×

Uh-oh, it looks like your Internet Explorer is out of date.

For a better shopping experience, please upgrade now.

JavaScript Cookbook
  • Alternative view 1 of JavaScript Cookbook
  • Alternative view 2 of JavaScript Cookbook
     

JavaScript Cookbook

3.0 1
by Shelley Powers
 

See All Formats & Editions

Careful design and integration is required for many of the JavaScript functions used in today's web applications, but these functions often rely on the same core set of tasks. Rather than reinvent the wheel every time, you'll find ways to address these common tasks quickly through the recipes in this cookbook.

Covering both ECMAScript 5 and HTML5, JavaScript

Overview

Careful design and integration is required for many of the JavaScript functions used in today's web applications, but these functions often rely on the same core set of tasks. Rather than reinvent the wheel every time, you'll find ways to address these common tasks quickly through the recipes in this cookbook.

Covering both ECMAScript 5 and HTML5, JavaScript Cookbook helps you take advantage of the latest web features, including HTML5's persistent storage mechanisms and drawing canvas. You'll find solutions for integrating these features with JavaScript into UIs that people will enjoy using. The recipes in this book not only help you get things done, they'll also help you develop applications that work reliably in every browser.

  • Learn how JavaScript helps you reach into the core of pages and stylesheets to create interfaces
  • Understand how regular expressions can simplify key text and form processing challenges
  • Explore recent additions for storing application information inside the browser
  • Get started with common JavaScript libraries, including jQuery and Prototype
  • Apply XML and JSON to application-communication issues

Shelley Powers has been working with and writing about web technologies—from the first release of JavaScript to the latest graphics and design tools—for more than 12 years. Her recent O'Reilly books have covered the semantic web, Ajax, JavaScript, and web graphics. She's an avid amateur photographer and web development aficionado.

Product Details

ISBN-13:
9780596806132
Publisher:
O'Reilly Media, Incorporated
Publication date:
07/26/2010
Pages:
528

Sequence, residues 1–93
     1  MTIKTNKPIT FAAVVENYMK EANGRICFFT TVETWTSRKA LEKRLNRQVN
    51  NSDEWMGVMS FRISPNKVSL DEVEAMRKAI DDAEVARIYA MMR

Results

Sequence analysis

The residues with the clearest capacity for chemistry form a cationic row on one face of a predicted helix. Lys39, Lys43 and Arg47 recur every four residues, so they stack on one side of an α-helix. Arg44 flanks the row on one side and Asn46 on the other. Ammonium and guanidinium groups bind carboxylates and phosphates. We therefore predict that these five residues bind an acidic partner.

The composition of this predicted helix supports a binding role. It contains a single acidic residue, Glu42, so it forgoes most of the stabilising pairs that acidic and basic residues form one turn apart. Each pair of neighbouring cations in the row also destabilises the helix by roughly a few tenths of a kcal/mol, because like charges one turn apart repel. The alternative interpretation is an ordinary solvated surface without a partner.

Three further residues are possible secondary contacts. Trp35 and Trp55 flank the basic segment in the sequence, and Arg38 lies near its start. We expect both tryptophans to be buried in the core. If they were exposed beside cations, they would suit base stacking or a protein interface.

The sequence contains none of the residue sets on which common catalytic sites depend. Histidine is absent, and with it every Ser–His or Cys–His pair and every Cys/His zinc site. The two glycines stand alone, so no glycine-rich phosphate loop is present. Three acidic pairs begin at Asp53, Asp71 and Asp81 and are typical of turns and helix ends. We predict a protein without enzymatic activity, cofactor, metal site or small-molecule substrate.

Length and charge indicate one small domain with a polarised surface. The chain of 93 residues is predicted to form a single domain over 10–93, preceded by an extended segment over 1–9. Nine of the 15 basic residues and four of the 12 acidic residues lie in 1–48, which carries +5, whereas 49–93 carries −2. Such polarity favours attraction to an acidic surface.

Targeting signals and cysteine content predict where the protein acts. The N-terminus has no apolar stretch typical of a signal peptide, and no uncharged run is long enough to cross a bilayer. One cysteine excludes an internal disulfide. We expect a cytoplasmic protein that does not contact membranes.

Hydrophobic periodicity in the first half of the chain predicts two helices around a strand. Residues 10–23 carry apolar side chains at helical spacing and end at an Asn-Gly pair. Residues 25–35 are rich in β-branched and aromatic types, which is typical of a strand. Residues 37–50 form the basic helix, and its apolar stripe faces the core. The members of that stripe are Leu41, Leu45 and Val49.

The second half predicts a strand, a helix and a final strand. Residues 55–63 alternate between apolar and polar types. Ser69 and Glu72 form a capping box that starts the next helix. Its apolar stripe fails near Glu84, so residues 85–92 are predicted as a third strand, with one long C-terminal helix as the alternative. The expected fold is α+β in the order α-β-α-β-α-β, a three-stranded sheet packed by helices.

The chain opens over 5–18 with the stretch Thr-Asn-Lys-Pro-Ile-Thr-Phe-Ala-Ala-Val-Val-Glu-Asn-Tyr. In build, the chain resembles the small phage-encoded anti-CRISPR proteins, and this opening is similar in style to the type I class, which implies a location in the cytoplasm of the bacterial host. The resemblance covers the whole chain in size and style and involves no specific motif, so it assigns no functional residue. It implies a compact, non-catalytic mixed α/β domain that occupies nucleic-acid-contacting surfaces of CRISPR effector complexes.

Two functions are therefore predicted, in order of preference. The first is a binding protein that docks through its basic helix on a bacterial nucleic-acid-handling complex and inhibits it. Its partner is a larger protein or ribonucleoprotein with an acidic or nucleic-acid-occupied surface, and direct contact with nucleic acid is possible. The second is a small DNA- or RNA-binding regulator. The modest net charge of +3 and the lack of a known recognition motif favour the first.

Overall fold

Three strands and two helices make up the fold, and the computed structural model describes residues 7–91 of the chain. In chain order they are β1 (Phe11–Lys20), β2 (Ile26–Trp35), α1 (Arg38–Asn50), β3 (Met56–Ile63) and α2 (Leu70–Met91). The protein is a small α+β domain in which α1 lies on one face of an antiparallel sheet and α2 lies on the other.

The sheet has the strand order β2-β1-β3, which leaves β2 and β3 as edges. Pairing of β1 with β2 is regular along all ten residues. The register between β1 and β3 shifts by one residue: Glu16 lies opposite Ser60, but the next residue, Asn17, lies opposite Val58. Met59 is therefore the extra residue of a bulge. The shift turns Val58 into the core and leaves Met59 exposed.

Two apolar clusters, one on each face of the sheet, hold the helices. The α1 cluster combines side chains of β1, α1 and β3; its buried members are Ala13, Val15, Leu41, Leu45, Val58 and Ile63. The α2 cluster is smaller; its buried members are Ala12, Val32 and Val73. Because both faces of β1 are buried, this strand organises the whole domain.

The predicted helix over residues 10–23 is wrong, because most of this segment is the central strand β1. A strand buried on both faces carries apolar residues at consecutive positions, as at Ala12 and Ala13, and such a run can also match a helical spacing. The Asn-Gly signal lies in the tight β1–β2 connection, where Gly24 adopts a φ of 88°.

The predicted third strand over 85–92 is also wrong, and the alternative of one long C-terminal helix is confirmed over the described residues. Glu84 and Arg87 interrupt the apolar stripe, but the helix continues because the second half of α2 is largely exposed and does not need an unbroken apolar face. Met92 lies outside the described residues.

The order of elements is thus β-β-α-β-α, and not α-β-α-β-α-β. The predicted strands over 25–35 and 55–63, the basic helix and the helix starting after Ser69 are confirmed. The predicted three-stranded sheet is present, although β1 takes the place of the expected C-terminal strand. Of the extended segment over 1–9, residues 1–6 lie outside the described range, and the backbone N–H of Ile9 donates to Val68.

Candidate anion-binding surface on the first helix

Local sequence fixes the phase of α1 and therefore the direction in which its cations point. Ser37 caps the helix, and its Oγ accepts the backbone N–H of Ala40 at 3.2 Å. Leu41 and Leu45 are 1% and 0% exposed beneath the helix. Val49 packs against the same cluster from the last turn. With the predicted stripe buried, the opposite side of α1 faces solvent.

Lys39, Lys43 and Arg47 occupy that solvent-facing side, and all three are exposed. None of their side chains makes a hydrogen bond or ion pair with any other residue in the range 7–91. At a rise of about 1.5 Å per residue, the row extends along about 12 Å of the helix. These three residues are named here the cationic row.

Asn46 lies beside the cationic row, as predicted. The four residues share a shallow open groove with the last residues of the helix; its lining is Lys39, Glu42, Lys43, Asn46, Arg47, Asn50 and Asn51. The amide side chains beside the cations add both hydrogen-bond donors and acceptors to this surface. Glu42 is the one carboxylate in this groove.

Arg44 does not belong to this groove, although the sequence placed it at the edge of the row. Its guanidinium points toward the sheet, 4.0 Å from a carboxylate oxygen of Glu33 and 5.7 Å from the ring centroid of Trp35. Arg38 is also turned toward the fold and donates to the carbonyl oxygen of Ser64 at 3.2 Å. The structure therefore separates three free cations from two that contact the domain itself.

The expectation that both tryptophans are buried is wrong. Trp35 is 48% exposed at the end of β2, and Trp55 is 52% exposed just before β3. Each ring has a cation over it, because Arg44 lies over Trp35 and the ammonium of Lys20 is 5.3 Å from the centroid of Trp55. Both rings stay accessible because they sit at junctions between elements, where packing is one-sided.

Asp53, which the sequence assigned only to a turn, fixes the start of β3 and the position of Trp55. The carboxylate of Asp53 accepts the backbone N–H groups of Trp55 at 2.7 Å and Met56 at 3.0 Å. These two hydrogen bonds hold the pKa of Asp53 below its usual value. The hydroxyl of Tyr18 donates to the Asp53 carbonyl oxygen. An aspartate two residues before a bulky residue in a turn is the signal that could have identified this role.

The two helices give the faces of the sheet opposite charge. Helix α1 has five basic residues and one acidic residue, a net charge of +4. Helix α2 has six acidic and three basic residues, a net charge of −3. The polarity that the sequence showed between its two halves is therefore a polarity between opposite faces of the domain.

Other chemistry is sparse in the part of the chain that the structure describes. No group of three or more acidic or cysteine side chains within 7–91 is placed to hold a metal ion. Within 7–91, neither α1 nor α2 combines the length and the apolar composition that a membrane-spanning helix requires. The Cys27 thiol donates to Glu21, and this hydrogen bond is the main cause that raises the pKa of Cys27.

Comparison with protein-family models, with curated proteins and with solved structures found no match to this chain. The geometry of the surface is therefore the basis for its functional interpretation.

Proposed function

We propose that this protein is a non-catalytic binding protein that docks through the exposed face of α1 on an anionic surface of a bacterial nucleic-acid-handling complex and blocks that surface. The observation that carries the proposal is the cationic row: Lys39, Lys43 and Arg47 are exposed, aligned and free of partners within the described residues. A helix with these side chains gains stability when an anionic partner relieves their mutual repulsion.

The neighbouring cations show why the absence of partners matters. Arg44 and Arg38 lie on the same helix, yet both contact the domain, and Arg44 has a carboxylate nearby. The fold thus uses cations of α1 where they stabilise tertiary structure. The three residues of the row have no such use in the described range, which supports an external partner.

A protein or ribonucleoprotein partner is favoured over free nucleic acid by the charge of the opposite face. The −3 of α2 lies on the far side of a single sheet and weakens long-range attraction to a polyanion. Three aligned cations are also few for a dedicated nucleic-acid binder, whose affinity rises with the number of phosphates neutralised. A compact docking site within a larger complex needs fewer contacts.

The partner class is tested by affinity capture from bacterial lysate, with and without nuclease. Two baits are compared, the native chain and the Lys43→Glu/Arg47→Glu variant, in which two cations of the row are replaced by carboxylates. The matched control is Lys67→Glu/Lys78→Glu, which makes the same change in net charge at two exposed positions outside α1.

Product dimensions:
7.00(w) x 8.90(h) x 1.20(d)

Meet the Author

Author of Practical RDF and co-author of O'Reilly's Unix Power Tools 3E

Customer Reviews

Average Review:

Post to your social network

     

Most Helpful Customer Reviews

See all customer reviews

JavaScript Cookbook 3 out of 5 based on 0 ratings. 1 reviews.
greygeek More than 1 year ago
I have enjoyed other cookbooks in the O'Reilly library of computer texts, so when I saw JavaScript Cookbook by Shelley Powers in the catalog, I jumped at it. The description mentioned that the book would cover HTML5 and ECMAScript 5, so I really wanted to learn the new capabilities of both. I did get to learn a lot, but I wonder if these new features are too new. Like other cookbooks in the O'Reilly library, this one is organized as a series of specific problems, with their solutions neatly presented and grouped into the major chapters. Each solution has a discussion to flesh out the details. The website has downloadable copies of the examples in the book, which I used to test out the various recipes. ECMAScript 5 is fairly new, and HTML5 is still under development, so I made sure I had the latest stable versions of the major browsers (Firefox, Google Chrome, Internet Explorer, Opera, and Safari) to see how they would cope. The HTML5 features are very sparsely supported as of yet, so those portions of the book should be considered more of a sampling of things to come rather than a definitive set of solutions. They start out easily enough with recipes for handling JavaScript strings. However, the discussion of String objects and literals obviously implies that the reader is already somewhat familiar with Object terminology and functionality. That makes this book unsuitable for beginners. While much of the book is applicable to today's browsers, there is a lot of coverage of the new capabilities made available in the new HTML5 specifications. Unfortunately, most browsers either do not support, or only partially support these features, so the information is only useful as a "taste of things to come". As I step back and reflect on this book, I think that many topics are solutions that cannot be implemented because the typically available browsers don't support the new features yet. If a web page designer wants their site to be available to users now, they need to focus on the features that are well entrenched across the internet. Having so many solutions based on features and capabilities that are still being defined is only useful as academic exercises. I would have preferred that the JavaScript Cookbook be more useful for the state of the web right now. That is why I'm rating it only 3 out of 5.